My social media accounts are not named CULTURECURVES for nothing. Apart from sharing my love for fashion and advocating for inclusion and diversity in the fashion industry, I love sharing my trips and adventures with you. I have not travelled extensively lately but I am hoping to change that. Meanwhile, let me get back to my roots, to the city where I was born: Bonn.
I have recently been able to visit there and realised that the city was a-buzz! Little did I know 2020 marks Beethoven’s 250th birthday and Bonn is going all-out in showcasing not only Beethoven but Bonn as a centre for not only music but the arts in general.
I felt very much obliged to hype up my birth city and thought I’d list down my most favourite places in the city, in the hope that you will book a ticket to Bonn at any time this year. Without further ado, here are my favourite places in Bonn
I am a sucker for any bodies of water in places where I live and I think that comes from the fact that I was born in a city that lies by the Rhine River. I love having a long stroll by the Rhine Promenade on a sunny warm late afternoon in summer or on a sunny crisp morning in winter. Personally, I love looking at the Rhine from what used to be a 17th century defensive structure but has now turned into a perfect viewing deck for Rhine admirers. It is called the Alter Zoll and it stands proud by the University of Bonn on the west side of the river. When visiting in May make sure to time it during what is called Rhein in Flammen, a yearly late spring firework spectacle along the Rhine and best viewed either from the public park called Rheinaue or whilst chilling with a beer at the Alter Zoll.
THE OLD CITY HALL
Located on Marktplatz, the Old City Hall is a wonderful rococo piece of art that is inevitably inviting. You cannot go into the Marktplatz and NOT take a picture of the white-pink building that looks like a perfect fairytale manor. If you want to get married, you can reserve a date to get officiated in this venue and enjoy looking at picture of heads of states posing with past German presidents and chancellors. During Christmas the windows of the Old City Hall are transformed into advent calendar windows and during the summer it serves a backdrop to the many cafe tables filled with people enjoying their afternoon coffee and cake or ice cream.
This Art Noveau structure used to be a movie theatre and I remember watching a couple of movies here when I was a teenager before it was ultimately closed down. The city was sad to see this landmark building close doors and people were unsure as to what exactly will be done to it. Plans to demolish the building in 2006 started a rather long and acrimonious legal battle between its former owners and the city of Bonn. In the end, book company Thalia purchased the building in 2010, did some work inside and opened their doors to curious and apprehensive Bonners. The theatre was transformed into a bookstore with books displayed over 4 storeys. Thalia did a great job preserving many of the characteristic decorations of the former movie theatre, giving Bonners like me a warm feeling whilst also allowing us to be nostalgic for the time when the building told stories through the silver screen. At least now, stories are still being told through books. Whilst in the bookstore, make sure to sit and relax in their cafe or in one of the seats in the couple of movie seat rows that were preserved on the second floor.
THE HARIBO STORE
If you still have no idea where your favourite golden gummy bears are originally from, then make sure to really fly out to Bonn right now. Haribo was founded in Bonn by a man named Hans Riegel Sr. HA for Hans, RI for Riegel and BO for Bonn. There you go, HARIBO fans! Even though the official headquarters are now in Graftschaft, Haribo retains a great presence in Bonn and its residents. For this reason, the good people at Haribo made a savvy business move to open a very colourful Haribo store to showcase not only the products that Germans have been able to try and love for years now but also to bring out products that can only be bought at this store. Tourists love to compare this store to the M&Ms store on Leicester Square in London but to be fair, the latter is so much bigger than Bonn’s humble Haribo store. Nevertheless, this dreamy candyland can still make the most serious of adults feel like a child ready to get high on sugar!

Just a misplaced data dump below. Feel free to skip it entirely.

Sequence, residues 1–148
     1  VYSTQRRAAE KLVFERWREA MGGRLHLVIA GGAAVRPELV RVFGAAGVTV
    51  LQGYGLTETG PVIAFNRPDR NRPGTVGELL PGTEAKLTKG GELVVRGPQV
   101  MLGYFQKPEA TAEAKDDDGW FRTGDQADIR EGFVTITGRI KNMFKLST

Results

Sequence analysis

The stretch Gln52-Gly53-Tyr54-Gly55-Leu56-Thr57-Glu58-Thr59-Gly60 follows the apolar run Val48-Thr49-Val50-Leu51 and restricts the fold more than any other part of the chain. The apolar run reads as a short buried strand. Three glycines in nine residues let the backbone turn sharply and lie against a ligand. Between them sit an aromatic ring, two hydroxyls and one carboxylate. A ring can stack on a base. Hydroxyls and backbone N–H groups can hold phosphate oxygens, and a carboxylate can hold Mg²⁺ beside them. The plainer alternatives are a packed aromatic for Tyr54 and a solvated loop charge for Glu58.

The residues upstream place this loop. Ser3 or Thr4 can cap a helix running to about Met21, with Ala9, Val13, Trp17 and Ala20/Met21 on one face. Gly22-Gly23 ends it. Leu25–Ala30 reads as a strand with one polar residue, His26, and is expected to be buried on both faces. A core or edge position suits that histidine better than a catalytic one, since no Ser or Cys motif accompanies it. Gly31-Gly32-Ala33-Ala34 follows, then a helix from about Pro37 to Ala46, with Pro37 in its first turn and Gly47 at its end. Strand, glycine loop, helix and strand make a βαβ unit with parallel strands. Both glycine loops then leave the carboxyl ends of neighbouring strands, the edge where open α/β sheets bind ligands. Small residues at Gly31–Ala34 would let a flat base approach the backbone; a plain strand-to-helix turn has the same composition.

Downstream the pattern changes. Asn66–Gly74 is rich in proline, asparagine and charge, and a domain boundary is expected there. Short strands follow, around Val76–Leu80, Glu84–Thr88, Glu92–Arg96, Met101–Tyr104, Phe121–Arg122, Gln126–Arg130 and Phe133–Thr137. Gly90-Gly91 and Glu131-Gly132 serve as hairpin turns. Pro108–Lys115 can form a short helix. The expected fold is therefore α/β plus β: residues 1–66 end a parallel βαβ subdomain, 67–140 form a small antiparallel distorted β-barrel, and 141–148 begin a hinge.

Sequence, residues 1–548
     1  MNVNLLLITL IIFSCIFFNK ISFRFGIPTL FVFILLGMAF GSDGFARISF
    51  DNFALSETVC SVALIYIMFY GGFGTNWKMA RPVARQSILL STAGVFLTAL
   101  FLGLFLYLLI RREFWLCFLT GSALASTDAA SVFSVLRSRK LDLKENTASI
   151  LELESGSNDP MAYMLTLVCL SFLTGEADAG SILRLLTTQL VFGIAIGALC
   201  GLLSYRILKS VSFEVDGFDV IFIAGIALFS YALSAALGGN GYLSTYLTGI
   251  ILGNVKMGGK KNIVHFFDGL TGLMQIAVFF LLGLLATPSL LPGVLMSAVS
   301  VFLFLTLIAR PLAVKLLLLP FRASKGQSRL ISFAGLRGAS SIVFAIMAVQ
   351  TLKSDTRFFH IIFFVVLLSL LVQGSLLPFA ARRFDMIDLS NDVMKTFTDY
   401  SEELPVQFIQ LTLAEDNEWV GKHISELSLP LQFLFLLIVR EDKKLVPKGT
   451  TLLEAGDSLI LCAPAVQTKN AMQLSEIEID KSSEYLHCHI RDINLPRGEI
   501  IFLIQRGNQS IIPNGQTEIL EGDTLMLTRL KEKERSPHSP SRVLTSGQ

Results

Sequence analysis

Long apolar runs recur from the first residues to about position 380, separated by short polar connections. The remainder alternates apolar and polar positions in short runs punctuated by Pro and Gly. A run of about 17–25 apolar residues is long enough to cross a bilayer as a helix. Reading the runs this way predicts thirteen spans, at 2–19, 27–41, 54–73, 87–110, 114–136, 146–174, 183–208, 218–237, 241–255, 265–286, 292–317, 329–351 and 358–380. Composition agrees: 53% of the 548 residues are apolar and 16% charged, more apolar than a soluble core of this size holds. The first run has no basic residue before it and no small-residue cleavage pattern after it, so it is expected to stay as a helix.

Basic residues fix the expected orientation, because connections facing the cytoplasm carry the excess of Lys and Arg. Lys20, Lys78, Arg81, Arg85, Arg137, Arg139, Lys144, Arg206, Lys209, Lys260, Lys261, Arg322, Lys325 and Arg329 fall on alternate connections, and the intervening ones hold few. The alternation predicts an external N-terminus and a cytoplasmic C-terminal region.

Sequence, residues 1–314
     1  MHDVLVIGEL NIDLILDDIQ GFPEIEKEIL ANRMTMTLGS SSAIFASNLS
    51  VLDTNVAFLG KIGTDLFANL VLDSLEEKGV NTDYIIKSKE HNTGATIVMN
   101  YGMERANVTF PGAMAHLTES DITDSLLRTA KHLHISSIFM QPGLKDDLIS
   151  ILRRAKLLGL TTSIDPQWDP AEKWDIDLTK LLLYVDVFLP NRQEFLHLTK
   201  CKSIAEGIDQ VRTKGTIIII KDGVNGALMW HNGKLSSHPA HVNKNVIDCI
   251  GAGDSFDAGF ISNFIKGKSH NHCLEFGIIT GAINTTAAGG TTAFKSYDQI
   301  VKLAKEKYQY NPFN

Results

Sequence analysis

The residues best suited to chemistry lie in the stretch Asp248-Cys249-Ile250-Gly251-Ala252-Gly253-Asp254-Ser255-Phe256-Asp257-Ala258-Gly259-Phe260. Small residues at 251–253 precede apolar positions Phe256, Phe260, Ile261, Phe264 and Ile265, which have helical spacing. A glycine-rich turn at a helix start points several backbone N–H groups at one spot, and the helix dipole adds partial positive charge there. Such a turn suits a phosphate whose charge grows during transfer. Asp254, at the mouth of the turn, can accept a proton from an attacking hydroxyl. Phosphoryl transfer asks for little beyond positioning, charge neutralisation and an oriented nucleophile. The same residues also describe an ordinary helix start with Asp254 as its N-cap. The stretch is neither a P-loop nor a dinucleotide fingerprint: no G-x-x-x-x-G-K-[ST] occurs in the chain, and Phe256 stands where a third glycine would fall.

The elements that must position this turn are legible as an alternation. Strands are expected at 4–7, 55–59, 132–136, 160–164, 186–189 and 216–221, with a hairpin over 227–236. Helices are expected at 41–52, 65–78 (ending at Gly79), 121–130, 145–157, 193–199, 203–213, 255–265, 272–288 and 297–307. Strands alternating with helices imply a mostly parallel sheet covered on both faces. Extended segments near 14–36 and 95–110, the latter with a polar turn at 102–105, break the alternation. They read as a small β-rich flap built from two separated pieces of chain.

CHERRY BLOSSOMS IN THE ALTSTADT
This one definitely needed to be in this list despite the cherry blossoms only showing their beauty once a year in April for only few days. Some 15 years ago, no one really thought the cherry blossom trees (mainly) on Heerstrasse in the Old Town or Altstadt would morph into one of the most popular tourist areas in Bonn during springtime. These days it is almost normal to see big and small groups of tourists walking back and forth on Heerstrasse, taking pictures and marvelling at the pink flowers seemingly covering the street like soft linen curtains. It is a beautiful sight to behold. Now, I guess the questions is: when exactly do the trees blossom? Valid question. The answer is: no one knows. The blossoming happens depending on what whether April throws at it. Once in bloom, the cherry blossoms can stay put for two weeks, most of the times in mid-April. However, the warmer the weather becomes, the quicker the cherry blossoms die off. I guess, you will have to go on faith here and make sure to check out https://www.kirschbluete-bonn.de for updates on the cherry blossoms. PRINT and PAINT runs the unofficial official blog site on the beautiful pink nature spectacle. I took a few pictures back in the day but reckon I have lost those photos now. The pictures provided below are from Print and Paint. Also check out this great shout-out to the cherry blossoms on Places To See Before You Die: https://www.facebook.com/placestosee/photos/a.147696995267610.25736.146895365347773/431007523603221/?type=1.
After a stroll between the cherry blossoms, if you are indeed visiting in April, you can easily walk towards one of my favourite shopping streets in Bonn’s inner city or Innenstadt, which is gladly all for pedestrians only. The street is dotted with small indie and chain stores in old and narrow buildings, some of which date back to the 16th century. In the winter time, especially over Christmas, the street like all pedestrians streets in the Innenstadt are decorated with Christmas lights, which makes a slow stroll down Sternstrasse with a cup of Gluehwein a rather romantic activity. Fashionistas and beauty afficionados love this street with its many clothing and make-up stores options.